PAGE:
Throughout my academic and literary journey, I have taken critical looks at the evolution of written word being to people. In addition to books, magazines, and newspaper, news broadcasts and radio shows are often scripted. They are written first, then transmitted to an audience. So how has the implementation of technology affected the delivery of the same analogue material? Further, how has it changed the desired outcome?
Early mass media is considered television, radio, and newspaper. “During the 1960s two ideas which are now considered basic to any marketing and media strategy caught hold in the advertising community: audience or market segmentation and media reach and frequency. An emphasis on segmentation suggests placing advertising where it is most likely to be seen by members of the target market rather than choosing media vehicles that merely deliver the largest number of people” (Barnes & Thomas, 1988). This idea of segmented media fits perfectly today in the a la carte approach to available information on the internet.
In the past, desired action on an advertisement included calling a phone number, shopping at a different store, or switching brands often long after the advertisement was viewed. Perhaps people then had better memories and attention spans than today’s highly stimulated generations. Remembering to call the number after the show was over might have been common place versus the scroll-and-forget culture of a digital society.
Mobile tools created a shift in buying and selling. The development of online commerce and offering the same variety of products on a website as in the physical stores shifted how companies advertise today. Instead of a viewer having to stop watching TV or listening to the radio to make a phone call and purchase the product of interest, they now can continue tapping on their touch screen to make the purchase.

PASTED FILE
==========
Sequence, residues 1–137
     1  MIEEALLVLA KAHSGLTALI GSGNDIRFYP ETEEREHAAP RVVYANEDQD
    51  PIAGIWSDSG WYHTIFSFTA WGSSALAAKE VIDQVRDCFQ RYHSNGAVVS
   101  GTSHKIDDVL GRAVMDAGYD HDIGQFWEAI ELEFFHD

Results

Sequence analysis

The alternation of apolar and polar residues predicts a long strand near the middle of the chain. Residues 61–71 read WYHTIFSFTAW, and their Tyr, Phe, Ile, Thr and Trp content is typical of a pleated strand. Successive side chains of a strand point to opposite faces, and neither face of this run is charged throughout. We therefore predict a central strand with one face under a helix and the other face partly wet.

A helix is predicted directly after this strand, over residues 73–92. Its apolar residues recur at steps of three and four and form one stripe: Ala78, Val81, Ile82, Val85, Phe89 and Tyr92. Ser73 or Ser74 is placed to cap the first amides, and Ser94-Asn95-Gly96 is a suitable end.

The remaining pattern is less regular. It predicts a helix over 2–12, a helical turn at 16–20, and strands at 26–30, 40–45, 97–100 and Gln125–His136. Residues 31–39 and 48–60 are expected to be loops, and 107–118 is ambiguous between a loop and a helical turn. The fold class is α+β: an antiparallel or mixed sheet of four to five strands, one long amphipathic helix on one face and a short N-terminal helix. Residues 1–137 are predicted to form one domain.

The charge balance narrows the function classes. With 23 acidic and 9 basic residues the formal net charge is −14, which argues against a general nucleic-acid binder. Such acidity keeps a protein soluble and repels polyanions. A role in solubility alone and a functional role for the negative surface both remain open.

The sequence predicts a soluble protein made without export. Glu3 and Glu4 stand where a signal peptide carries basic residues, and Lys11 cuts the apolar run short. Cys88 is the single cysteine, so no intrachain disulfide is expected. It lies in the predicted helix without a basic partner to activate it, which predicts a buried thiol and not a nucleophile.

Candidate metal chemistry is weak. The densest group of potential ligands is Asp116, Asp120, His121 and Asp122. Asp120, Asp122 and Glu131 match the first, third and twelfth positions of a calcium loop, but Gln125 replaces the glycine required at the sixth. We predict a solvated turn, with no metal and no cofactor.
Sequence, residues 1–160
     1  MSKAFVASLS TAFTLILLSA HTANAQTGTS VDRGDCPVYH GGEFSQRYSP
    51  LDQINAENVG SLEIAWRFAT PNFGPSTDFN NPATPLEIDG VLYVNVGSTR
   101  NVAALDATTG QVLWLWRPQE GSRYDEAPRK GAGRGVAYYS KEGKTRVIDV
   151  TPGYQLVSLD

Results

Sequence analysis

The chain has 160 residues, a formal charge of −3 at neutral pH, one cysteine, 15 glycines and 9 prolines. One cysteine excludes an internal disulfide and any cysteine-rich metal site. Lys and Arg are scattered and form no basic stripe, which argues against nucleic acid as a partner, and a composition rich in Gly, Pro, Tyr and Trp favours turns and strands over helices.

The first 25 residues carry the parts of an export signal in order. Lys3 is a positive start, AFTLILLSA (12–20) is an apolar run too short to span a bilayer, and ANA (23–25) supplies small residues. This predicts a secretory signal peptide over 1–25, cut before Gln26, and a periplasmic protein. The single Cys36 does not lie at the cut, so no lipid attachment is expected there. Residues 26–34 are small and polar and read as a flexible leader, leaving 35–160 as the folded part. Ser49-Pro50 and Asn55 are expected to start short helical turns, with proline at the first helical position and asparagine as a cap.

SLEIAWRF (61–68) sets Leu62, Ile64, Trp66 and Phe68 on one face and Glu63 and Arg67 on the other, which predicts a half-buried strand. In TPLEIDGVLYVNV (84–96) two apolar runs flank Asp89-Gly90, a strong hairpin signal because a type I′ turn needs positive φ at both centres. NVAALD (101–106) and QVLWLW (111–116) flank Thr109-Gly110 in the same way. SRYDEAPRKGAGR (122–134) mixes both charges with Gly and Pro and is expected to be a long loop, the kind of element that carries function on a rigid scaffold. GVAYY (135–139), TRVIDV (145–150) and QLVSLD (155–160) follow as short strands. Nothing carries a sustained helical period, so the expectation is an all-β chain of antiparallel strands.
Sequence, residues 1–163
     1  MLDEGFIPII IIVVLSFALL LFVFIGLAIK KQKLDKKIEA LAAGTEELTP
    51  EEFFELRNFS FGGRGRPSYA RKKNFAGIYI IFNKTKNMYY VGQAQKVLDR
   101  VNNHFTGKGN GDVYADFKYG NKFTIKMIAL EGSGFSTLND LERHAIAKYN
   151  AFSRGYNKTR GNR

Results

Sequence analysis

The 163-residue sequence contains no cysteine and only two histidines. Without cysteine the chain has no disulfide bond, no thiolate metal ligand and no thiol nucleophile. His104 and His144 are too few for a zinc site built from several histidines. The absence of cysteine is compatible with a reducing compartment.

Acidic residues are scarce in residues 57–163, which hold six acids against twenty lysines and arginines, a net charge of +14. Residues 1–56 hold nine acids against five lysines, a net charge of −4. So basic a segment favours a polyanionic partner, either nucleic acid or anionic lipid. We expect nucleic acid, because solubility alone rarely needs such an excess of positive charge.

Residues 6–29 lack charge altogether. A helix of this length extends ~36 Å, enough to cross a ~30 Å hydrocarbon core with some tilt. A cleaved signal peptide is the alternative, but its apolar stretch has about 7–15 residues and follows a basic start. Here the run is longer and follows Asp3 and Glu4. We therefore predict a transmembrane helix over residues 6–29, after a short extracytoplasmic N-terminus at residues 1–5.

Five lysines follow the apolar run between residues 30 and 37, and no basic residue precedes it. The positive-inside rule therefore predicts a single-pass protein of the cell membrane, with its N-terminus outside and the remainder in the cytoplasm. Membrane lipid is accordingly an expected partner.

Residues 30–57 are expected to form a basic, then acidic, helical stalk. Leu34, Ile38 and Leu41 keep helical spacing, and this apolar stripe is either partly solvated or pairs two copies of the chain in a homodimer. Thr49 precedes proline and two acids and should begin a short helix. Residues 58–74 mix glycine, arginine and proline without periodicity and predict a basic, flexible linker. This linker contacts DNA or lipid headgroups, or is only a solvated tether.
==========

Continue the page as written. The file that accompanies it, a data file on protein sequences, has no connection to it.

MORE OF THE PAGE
Today, streaming services have replaced scheduled television and their commercial interruptions. The same can be said for radio with the rise of podcasts and other audio streaming services. By charging a small fee to millions of subscribers, such services have no need to sell outside advertisement spots that might draw the user’s attention away from the desired action: using the service. Now, all mobile communication services such as social media and streaming services, have a desire to retain the user. Marketing departments closely monitor “bounce rates” to track how long a user spends on a site before leaving. This allows web developers and marketing teams to find what features keep the users attention. A New York Times article, once only available in print, can be filtered through and read within a social media platform. Once the user is done reading the article, they are driven right back to the original social media site.
In my personal use, the introduction of technology into communication has enhanced my experience of mass media. “In most cases, the role of the mass media focuses on national or regional territory and their role is of social and political importance in the formation of public and public opinion. With the development of modern information communication technology, these boundaries have become dissolved as the ‘post-mass media’ functions allow the dissemination of information on a global scale” (Piatkiewicz, 2011). Many people are confined to a sociological bubble made of up people like themselves. While my time in the military helped me break away from this, a college education facilitated by the internet opened the door for me to break away from false beliefs while social media gave me a practical community to validate my new views on subjects of racism, sexism, and bigotry.
I consume most news from social media. I have never made a habit of sitting in front of the television to watch the news, nor do I frequently read newspapers or listen to public radio. If anything, I am far more aware of worldwide happenings than I ever have before.
Barnes, B. E., & Thomson, L. M. (1988). The Impact of Audience Information Sources on Media Evolution. Journal of Advertising Research, 28(5), 50.
Piatkiewicz, P. (2011). The Romanian Media Landscape: Evolution, Frontiers and Post- Mass Media Functions. Eurolimes, 12, 88–106.